Table 4

Analyses of complement activation markers in the subgroups of patients with systemic sclerosis

 

n

C4d, mean (SD)

p value

C3bBbP, mean (SD)

p value

TCC, mean (SD)

p value

Sex

  

0.96

 

0.20

 

0.87

 Male

22

35.6 (40.3)

 

913 (574)

 

5.80 (3.69)

 

 Female

100

29.2 (18.3)

 

1119 (661)

 

8.39 (15.8)

 

Subset

  

0.88

 

0.11

 

0.36

 lcSSc

81

30.1 (25.2)

 

1143 (655)

 

8.56 (16.4)

 

 dcSSc

41

30.8 (20.7)

 

962 (629)

 

6.66 (9.34)

 

PAH

  

0.19

 

0.75

 

0.76

 No

96

31.8 (25.3)

 

1069 (645)

 

7.50 (12.4)

 

 Yes

26

25.0 (16.0)

 

1131 (676)

 

9.49 (20.5)

 

SRC

  

0.036

 

<0.001

 

0.003

 No

104

28.9 (23.7)

 

1156 (655)

 

8.57 (15.4)

 

 Yes

18

38.6 (22.9)

 

656 (423)

 

4.22 (5.54)

 

Ab

  

0.095

 

0.055

 

0.016

 ACA

34

30.7 (16.9)

 

1029 (594)

 

5.83 (5.70)

 

 ATA

22

32.7 (18.8)

 

1140 (744)

 

10.8 (22.0)

 

 ARA

17

35.0 (22.5)

 

761 (560)

 

3.19 (2.59)

 

 ANA+

40

29.5 (32.2)

 

1195 (642)

 

10.6 (18.0)

 

 ANA

9

18.1 (10.0)

 

1244 (705)

 

5.62 (3.36)

 

Pitting scar

  

0.50

 

0.35

 

0.76

 No

68

31.0 (26.1)

 

1071 (658)

 

9.30 (18.6)

 

 Yes

50

28.6 (19.0)

 

1155 (633)

 

6.53 (5.62)

 

Ulcer

  

0.35

 

0.36

 

0.54

 No

105

30.5 (23.9)

 

1090 (656)

 

8.31 (15.3)

 

 Yes

14

25.5 (17.8)

 

1183 (574)

 

6.19 (6.53)

 

Telangiectasias

  

0.83

 

0.19

 

0.39

 No

56

28.5 (17.8)

 

1003 (586)

 

6.07 (3.80)

 

 Yes

63

31.2 (27.2)

 

1189 (687)

 

9.84 (19.6)

 

Abbreviations: PAH Pulmonary arterial hypertension, SRC Scleroderma renal crisis, Ab Autoantibodies, ACA Anti-centromere, ATA Anti-topoisomerase I, ARA Anti-RNA polymerase III, ANA + Anti-nuclear but not anti-centromere, anti-topoisomerase I or anti-RNA polymerase III, ANA No anti-nuclear autoantibodies, dcSSc Diffuse cutaneous systemic sclerosis, lcSSc Limited cutaneous systemic sclerosis, TCC Terminal complement complex

Autoantibody analyses were by Kruskal-Wallis test; all others were by Mann-Whitney U test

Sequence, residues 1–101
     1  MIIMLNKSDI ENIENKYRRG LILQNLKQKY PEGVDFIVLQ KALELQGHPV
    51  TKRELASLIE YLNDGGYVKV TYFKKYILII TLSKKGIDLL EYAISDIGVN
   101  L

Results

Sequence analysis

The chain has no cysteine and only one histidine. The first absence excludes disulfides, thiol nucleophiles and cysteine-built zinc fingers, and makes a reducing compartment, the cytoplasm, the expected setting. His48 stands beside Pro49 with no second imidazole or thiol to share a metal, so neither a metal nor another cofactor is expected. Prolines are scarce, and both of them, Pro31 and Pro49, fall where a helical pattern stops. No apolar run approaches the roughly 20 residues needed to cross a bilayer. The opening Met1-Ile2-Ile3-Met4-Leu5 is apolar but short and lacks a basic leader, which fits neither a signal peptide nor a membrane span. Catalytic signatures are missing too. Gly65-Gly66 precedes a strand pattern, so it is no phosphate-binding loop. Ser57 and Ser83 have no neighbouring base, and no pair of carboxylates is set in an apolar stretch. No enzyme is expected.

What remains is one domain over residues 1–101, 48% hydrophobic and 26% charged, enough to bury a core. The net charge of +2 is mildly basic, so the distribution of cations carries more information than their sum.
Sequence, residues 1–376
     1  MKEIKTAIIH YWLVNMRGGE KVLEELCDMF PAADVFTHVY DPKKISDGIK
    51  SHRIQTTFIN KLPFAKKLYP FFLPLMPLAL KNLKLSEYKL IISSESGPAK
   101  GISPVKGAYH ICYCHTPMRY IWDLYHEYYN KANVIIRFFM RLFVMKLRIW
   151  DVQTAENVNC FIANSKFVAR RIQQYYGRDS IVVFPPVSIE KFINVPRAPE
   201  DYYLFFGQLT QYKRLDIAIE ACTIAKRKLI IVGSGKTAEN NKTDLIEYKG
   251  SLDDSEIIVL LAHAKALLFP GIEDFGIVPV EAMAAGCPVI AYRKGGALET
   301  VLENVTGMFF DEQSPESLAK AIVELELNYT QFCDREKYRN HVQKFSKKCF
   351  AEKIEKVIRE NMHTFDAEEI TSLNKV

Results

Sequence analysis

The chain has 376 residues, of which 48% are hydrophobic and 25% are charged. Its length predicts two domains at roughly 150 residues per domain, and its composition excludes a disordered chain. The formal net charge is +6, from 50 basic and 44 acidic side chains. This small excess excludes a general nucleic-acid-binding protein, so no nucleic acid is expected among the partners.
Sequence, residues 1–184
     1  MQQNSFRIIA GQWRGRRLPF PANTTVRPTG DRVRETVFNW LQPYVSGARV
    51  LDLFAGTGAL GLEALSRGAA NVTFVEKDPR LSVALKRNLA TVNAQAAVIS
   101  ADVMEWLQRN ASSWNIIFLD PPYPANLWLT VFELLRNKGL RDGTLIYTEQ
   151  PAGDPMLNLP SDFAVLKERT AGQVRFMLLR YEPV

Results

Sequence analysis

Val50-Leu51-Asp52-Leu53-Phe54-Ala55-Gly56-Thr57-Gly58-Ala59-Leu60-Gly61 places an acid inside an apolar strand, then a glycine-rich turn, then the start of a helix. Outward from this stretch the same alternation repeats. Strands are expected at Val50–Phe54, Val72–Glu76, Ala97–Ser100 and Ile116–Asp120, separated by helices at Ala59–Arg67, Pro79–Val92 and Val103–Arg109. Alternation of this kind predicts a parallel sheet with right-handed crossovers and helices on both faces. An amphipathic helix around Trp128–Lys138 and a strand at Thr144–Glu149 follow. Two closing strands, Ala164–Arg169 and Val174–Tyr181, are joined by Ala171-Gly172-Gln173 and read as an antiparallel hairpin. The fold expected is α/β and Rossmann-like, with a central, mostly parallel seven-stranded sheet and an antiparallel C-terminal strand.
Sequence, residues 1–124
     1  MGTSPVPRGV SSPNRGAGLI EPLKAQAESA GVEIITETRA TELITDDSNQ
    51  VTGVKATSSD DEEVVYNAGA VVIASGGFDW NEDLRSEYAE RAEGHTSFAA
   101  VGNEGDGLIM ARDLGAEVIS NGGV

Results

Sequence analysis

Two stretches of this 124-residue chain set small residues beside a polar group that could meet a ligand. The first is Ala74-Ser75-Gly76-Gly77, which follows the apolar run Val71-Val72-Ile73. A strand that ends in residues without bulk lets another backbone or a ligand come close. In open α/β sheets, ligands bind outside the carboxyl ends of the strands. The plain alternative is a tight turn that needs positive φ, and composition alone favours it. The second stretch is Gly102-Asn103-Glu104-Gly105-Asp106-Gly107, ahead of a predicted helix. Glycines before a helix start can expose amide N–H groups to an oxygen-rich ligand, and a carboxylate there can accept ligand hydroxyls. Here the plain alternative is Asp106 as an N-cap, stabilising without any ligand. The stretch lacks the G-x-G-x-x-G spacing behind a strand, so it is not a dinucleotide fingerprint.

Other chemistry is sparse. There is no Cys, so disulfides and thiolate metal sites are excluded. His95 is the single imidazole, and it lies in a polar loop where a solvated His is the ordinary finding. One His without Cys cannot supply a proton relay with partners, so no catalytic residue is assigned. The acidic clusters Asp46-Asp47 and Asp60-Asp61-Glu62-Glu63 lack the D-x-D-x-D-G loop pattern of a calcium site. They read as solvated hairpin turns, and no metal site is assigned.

Haemolytic activity of plasma samples collected from patients with SSc

The levels of C3bBbP and sTCC in the SRC group (means 656 CAU and 4.22 CAU, respectively) were lower than in other patients with SSc; however, these levels were still considerably higher than analogous means for healthy control subjects (79.7 CAU and 1.64 CAU, respectively), indicating that complement activation takes place during the renal crisis. At the same time, C4d, which is a marker of classical pathway activation and the end-degradation product of C4b component, increased to significantly higher levels than in the non-SRC group. One possible explanation for these observations is that during SRC the classical pathway is strongly initiated by autoantibodies, and then an amplification loop driven by the alternative pathway takes over the cascade, leading to systemic depletion of its components, including C3 and factor B proteins. Such depletion is also reflected in a reduction of soluble sTCC compared with patients with no SRC episodes. To confirm the scenario of ongoing complement consumption in SRC, we analysed haemolytic activity of plasma samples from patients with SSc. Residual complement activity was examined in assays testing the classical and alternative pathways (Fig. 2). Of all classifications made for the whole SSc cohort, only the SRC-positive group showed significantly lower haemolytic activity in the alternative pathway (p = 0.0107) and a borderline significant drop of haemolytic activity in the classical pathway (p = 0.063), which confirmed systemic complement depletion, most probably at the level of alternative convertases.
Fig. 2

Haemolytic activity of plasma samples collected from patients with systemic sclerosis. Left column shows classical pathway haemolytic activity of 1% plasma, and right column shows alternative pathway activity of 5% plasma. Value of 1 on y-axis corresponds to the readout of normal human plasma (NHP). Results are means ± standard deviation derived from two independent experiments, and statistical significance is set at *p < 0.05 according to Mann-Whitney U test.Abbreviations: SRC Scleroderma renal crisis, PAH Pulmonary arterial hypertension, lcSSc Limited cutaneous systemic sclerosis, dcSSc Diffuse cutaneous systemic sclerosis.  Graphs comparing the patients with vs. without ulcers, pitting scars and telangiectasias are not shown, because the differences between groups did not reach statistical significance